To paraphrase former Labor Secretary under Ronald Reagan Raymond Donovan after he was acquitted on racketeering charges that seemed to have no merit, where does Scott Walker go to get his reputation back? After his acquittal, Donovan returned to private business as the head of the company that had been at the center of the criminal trial, where he remained until the company was sold in 2007. (Source)

Walker, of course, is in a very different position from Donovan was thirty years ago. Donovan had to resign his position in order to defend himself  against serious criminal charges. Walker is the sitting Governor of Wisconsin currently in the middle of a battle for re-election and, if he wins, likely to leap to the near the top of the list of potential candidates for the 2016 Republican nomination. For Walker, the real test will be what, if any, impact all of this will have on his race against Mary Burke as we head toward November. So far, there has not been any polling released that was taken since the documents were released  so it’s far too early to judge what kind of an impact the will have. No doubt, this announcement by the special prosecutor will help to blunt any damage Waker may have suffered in that regard. Indeed, given the fact that Walker has shown a remarkable ability to emerge victorious when he’s been the target of political attacks, I’d say the smart money should be on him. Nonetheless, it’s somewhat disturbing that document dumps like this can have potentially serious impacts on political races, and I suppose its fortunate for Walker that this happened in June and not a month before Election Day.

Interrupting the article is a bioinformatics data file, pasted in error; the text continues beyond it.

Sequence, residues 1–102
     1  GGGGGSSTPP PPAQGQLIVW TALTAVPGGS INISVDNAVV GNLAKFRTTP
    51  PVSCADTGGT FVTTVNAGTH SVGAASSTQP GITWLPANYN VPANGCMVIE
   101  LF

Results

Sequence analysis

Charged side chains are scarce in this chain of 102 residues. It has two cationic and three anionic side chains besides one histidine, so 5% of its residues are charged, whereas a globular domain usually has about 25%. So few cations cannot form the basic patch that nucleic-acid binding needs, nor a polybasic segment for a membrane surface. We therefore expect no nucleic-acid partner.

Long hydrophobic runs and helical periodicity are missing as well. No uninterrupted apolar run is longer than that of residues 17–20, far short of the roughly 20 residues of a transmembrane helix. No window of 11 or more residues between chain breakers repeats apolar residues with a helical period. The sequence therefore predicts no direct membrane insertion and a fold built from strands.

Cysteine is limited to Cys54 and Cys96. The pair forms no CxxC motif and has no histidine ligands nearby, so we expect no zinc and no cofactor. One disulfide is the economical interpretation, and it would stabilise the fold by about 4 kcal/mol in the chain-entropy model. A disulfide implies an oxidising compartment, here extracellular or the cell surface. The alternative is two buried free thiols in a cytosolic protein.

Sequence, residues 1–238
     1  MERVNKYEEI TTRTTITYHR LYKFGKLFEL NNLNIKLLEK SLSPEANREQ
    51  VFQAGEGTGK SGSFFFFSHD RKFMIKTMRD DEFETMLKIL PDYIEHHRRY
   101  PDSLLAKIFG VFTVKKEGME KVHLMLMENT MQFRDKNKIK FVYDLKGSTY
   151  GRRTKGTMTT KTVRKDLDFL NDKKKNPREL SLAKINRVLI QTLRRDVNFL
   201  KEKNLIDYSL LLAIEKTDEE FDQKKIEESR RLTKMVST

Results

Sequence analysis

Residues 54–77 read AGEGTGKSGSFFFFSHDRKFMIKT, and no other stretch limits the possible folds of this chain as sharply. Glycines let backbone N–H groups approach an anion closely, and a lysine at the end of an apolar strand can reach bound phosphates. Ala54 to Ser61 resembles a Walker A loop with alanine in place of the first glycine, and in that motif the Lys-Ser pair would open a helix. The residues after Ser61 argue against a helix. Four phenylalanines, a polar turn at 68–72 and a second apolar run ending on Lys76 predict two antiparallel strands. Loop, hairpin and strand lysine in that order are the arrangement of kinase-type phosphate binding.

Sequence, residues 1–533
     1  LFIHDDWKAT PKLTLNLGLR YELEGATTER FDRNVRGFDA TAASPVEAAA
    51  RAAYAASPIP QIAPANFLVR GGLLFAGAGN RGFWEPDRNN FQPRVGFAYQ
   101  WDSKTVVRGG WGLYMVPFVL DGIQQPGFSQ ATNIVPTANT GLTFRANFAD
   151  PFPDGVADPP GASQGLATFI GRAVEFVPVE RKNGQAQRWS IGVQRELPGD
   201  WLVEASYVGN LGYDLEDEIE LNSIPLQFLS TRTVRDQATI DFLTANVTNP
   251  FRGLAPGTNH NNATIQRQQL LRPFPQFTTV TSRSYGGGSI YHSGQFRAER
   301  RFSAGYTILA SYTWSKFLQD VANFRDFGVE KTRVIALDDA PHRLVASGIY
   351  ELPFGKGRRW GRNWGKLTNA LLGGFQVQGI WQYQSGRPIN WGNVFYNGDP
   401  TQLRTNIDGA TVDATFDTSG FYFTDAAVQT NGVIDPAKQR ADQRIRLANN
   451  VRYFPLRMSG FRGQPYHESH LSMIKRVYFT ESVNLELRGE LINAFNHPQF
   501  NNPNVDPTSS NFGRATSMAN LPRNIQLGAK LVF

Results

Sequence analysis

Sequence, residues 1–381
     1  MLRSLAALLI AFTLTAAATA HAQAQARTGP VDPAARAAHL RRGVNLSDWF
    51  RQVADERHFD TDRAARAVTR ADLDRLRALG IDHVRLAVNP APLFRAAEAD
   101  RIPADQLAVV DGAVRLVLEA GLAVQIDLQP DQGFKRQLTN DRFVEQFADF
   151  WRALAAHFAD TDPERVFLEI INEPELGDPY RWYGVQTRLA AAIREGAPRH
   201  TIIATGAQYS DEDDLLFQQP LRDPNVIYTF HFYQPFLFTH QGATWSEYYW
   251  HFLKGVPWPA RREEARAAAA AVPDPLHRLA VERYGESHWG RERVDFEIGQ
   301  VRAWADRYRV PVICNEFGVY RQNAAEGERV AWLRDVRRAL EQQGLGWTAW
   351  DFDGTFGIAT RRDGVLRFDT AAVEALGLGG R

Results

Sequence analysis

FILED UNDER: Campaign 2014, Crime, Law and the Courts, US Politics, , , , , , ,